It has not been a good week for General Electric. Last Friday, the company was the subject of a major story in the New York Times that left many readers shocked that this iconic lion of American business paid no American income taxes last year. In fact, the Times reported, it claimed a tax benefit of $3.2 billion.
The news made news—something you can’t say often about a story on corporate taxes—and really went viral when Jon Stewart picked it up, making the company the subject of his satire. Critics questioned why NBC, which is minority-owned by GE after a major stake was sold to Comcast, didn’t cover the news in its nightly broadcast. (An NBC spokesperson said GE's management had nothing to do with the broadcast ommission and told the Times that its tax efforts were necessary to compete globally and that the company is committed to paying all of the taxes its legally obligated to pay.) And on Wednesday, the liberal groups MoveOn.org and Progressives United began calling for GE CEO Jeffrey R. Immelt, whom President Obama named the chair of his council on jobs and competitiveness, to step down from that post.
But as bad as all that might seem for GE, it’s even worse for President Obama. When he first tapped Immelt to chair his council, some groaned that the choice seemed like window dressing for a president badly in need of a more pro-business image makeover. Immelt’s company may be investing in green energy and putting innovative technology to work, but how much time can the CEO of one of the world’s largest companies really spend helping to advise the president on the economy, anyways?
Now, however, the choice seems like it could create more difficulties for Obama. You can’t really blame Immelt for taking the post. If you were the CEO of a major multinational corporation and had the opportunity to advise the president, wouldn’t you take him up on the offer?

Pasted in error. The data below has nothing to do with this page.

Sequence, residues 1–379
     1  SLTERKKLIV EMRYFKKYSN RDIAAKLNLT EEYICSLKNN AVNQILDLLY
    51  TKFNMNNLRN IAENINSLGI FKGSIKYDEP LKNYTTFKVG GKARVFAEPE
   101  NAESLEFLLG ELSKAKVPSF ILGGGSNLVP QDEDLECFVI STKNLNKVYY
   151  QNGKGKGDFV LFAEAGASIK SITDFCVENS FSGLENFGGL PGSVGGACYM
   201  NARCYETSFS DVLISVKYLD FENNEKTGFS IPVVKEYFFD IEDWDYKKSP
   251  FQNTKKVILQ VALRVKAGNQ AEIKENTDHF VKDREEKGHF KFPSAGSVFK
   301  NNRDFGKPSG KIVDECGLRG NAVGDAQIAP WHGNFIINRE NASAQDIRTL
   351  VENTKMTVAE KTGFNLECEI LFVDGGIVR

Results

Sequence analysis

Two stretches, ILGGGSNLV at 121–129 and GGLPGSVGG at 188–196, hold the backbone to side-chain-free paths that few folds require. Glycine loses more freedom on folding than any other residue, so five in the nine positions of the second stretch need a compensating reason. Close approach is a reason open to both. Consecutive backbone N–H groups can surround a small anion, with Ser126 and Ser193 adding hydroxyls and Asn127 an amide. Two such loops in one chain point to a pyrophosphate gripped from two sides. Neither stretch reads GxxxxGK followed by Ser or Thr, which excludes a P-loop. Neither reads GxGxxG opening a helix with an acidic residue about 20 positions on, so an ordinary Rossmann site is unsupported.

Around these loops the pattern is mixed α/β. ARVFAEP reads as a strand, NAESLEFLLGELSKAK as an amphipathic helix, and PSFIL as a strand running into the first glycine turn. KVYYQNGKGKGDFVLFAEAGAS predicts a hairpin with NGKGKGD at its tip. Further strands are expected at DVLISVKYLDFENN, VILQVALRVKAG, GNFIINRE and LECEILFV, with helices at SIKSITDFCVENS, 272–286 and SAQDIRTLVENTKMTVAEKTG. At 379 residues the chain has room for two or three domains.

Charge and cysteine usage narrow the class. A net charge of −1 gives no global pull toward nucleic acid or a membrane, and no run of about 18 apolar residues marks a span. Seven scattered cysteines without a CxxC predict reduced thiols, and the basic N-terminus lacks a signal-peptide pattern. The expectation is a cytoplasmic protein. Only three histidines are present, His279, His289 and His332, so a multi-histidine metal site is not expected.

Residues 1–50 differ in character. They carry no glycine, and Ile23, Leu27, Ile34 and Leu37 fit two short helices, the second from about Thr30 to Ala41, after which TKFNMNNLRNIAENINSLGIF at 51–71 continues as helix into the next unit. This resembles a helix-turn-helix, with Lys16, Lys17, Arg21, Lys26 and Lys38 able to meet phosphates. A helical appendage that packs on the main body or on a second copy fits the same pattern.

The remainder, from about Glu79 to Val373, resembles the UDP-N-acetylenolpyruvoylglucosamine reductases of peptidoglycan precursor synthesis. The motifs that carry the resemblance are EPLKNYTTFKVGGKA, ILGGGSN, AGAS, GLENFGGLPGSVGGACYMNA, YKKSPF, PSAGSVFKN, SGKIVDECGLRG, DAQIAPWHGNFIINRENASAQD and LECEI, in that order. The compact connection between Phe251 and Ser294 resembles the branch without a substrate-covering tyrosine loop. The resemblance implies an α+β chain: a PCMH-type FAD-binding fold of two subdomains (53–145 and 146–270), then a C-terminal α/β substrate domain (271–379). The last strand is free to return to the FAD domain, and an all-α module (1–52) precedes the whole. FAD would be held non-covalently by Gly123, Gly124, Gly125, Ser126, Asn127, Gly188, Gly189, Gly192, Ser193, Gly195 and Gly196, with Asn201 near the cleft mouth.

But Obama—or at least his staff—should have known that picking a sitting CEO to chair his economic council would send the press scurrying to the company’s financial reports. If a reporter can dig up details about the company’s army of tax officials and tax-focused lobbying, why couldn’t the president’s vetters also envisage the headline risks at hand?
As I’ve written before, if Obama really wanted a representative from business to chair his economic panel, a better choice than the GE chief—or most current CEOs, for that matter—would have been a respected but retired chief executive. Intel founder and Silicon Valley gray beard Andy Grove has been outspoken about what he thinks America needs to do to succeed. Former Procter & Gamble CEO A.G. Lafley may be the most respected CEO of his generation, turning a struggling consumer products giant into an innovation powerhouse.
Jeff Immelt surely has plenty to offer the president as an adviser. His conglomerate’s exposure to so many aspects of the economy puts him in an extremely knowledgeable position as a sounding board. But his current post atop a company that had no tax bill in 2010 has public relations trouble written all over it. Had the president’s staff put a little more imagination to work, they might have seen that.
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